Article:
According to the province, as of April 25th, more than 21 per cent (815,000) of adult Albertans have registered their wishes to become organ and/or tissue donors after death. This is welcome news to Airdronian Michelle Eldridge.
Eldridge has had not one, but two kidney transplants in her lifetime. Her health problems started just after her first son was born.
“I found out that I had kidney disease and that my kidneys were failing. I needed a kidney transplant. 17 years later, I needed another kidney transplant,” she said. “I may need another one down the road.”
Eldridge would be diagnosed with FSGS: Focal segmental glomerulosclerosis years after her first transplant.
“I was young, and I had two young children and my kidneys were failing and my sister actually became my donor at that time. I thought, once I get my transplant, this is going to last forever, and I'm going to be fine.”
FSGS is a very rare kidney disease in which the kidney’s filters become damaged and scarred, meaning they can no longer filter the body’s blood of impurities, which in turn leads to kidney failure. When Eldridge’s first kidney began to fail, doctors began testing family members first, as oftentimes family members are a close match, minimizing the risk of organ rejection. Her sister would become an almost perfect match.
“Some of the things that she had to go through; I am so thankful because I swear, she probably went through a lot worse than what I did. I didn’t really have a choice, but she was the one that made the choice that she would do it for me,” Eldridge said. “You have to be quite strong to be able to do that.”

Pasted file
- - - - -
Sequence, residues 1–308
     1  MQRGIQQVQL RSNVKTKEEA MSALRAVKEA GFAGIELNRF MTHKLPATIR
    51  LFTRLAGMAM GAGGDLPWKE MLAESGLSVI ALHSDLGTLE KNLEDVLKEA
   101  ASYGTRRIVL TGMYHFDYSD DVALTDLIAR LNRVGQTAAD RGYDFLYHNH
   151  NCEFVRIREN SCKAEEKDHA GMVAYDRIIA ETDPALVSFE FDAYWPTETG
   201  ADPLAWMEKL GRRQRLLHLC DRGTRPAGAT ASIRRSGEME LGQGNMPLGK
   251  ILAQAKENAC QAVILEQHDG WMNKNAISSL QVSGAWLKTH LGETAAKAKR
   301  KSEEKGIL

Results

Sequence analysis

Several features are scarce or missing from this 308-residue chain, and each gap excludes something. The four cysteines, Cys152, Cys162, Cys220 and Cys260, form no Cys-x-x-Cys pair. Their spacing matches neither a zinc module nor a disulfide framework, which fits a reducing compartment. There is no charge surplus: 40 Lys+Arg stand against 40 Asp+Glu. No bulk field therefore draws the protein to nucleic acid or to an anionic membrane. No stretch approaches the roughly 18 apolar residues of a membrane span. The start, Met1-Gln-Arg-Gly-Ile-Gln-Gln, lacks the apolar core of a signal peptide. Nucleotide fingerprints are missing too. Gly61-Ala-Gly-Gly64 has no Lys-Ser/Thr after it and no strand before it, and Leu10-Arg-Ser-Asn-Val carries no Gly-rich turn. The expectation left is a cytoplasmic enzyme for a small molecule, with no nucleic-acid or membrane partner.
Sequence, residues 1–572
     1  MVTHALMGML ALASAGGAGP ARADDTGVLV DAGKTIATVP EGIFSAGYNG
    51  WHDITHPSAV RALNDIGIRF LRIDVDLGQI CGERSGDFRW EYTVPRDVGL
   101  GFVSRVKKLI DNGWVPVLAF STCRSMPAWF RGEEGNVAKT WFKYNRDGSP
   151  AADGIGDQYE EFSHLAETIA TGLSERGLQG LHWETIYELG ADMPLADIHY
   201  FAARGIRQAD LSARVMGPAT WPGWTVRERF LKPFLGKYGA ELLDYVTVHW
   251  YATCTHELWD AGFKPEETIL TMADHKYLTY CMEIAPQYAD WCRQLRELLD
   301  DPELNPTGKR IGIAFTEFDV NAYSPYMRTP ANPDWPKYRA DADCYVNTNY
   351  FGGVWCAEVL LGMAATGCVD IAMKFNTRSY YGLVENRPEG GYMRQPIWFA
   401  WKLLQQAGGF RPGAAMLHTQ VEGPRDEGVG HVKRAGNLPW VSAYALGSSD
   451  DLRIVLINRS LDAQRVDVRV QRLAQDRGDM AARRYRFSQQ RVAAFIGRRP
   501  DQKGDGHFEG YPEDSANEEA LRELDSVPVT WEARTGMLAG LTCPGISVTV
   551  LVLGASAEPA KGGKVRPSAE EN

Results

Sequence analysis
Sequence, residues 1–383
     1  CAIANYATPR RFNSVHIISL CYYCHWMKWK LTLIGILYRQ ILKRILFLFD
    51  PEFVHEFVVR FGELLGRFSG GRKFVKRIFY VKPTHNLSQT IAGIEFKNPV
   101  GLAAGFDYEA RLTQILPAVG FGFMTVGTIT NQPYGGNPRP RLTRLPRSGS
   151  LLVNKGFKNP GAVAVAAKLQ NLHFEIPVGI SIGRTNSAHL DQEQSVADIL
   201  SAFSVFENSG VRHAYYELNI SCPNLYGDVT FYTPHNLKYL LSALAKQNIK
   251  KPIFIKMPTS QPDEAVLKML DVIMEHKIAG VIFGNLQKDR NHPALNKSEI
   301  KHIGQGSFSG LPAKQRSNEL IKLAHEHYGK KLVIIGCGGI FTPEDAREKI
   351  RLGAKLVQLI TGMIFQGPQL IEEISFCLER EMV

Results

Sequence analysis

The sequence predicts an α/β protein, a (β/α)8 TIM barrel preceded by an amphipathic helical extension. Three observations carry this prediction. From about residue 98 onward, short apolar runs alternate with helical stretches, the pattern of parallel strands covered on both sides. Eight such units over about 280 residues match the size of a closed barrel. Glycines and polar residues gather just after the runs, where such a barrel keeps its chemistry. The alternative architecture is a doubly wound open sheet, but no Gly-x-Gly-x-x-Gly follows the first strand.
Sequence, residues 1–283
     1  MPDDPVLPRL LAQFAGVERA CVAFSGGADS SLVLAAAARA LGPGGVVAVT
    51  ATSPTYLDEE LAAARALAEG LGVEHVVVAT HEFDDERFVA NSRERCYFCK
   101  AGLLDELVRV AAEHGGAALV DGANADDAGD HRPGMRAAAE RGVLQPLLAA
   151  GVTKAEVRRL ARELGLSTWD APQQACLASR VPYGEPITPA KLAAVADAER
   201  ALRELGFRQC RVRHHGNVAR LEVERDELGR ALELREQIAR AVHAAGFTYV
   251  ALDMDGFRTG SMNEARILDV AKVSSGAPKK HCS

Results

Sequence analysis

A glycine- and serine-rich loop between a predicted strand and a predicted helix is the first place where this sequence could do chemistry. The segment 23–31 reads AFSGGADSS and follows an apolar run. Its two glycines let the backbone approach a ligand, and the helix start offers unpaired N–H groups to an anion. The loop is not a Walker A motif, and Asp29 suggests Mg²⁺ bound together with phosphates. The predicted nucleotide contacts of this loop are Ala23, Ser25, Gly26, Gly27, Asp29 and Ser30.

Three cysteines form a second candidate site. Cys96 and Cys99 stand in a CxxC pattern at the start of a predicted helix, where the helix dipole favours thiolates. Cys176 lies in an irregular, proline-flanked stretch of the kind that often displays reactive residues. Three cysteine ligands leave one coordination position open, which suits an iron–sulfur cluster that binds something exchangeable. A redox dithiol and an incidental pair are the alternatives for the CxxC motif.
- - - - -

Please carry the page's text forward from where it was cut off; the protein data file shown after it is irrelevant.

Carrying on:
Her first kidney transplant took place in 1998. Two decades later her doctors delivered devastating news.
“All of a sudden your doctor says, ‘your lab work has come back and your kidneys are failing, and you're going to need another transplant.’ I cry in the moment, and then I shake it off and I continue because there's nothing else, I can do.”
By the time she needed her second transplant, it would be a work colleague that would donate their kidney to Eldridge.
“One of the girls I worked with, told me, ‘I'm going to get tested.’ And I said, ‘pardon me, you're doing what?’”
The co-worker told Eldridge that after she had watched her struggle and wanted to be her donor.
“I was just shocked that it was somebody that I worked with, it wasn't even a relative; we were work associates. But we have become really good friends now and she's like a sister to me and I'm thankful for her.”
But even with her co-worker’s selflessness, Eldridge’s life is a continuous battle with her health.
“Every month I'm going to lab work, I take 12 pills a day so that my body doesn't reject my kidney. I have to go in and have biopsies to find out that everything's still working.”
After two transplants, and anticipating another one, Eldridge is imploring the public to sign the donor cards.
“There's a lot of people that are looking for kidneys. I hear even from people that they're scared to do that; scared to give body parts and scared to donate. [But] what if somebody didn't donate to me? I might not have been here for my children.”
On May 9th, the provincial government announced that a new $2-million Specialist in End-of-Life Care, Neuroprognostication and Donation (SEND) program, with 22 specialist physicians are coordinating organ donation and transplantation opportunities.
Alberta completed more than 400 organ transplants and more than 2,600 tissues were released for transplant or surgical reconstruction last year.
Albertans who are interested in becoming an organ and tissue donors can register their consent in one easy step at ultimategiftalberta.ca or in person at an Alberta registry office.
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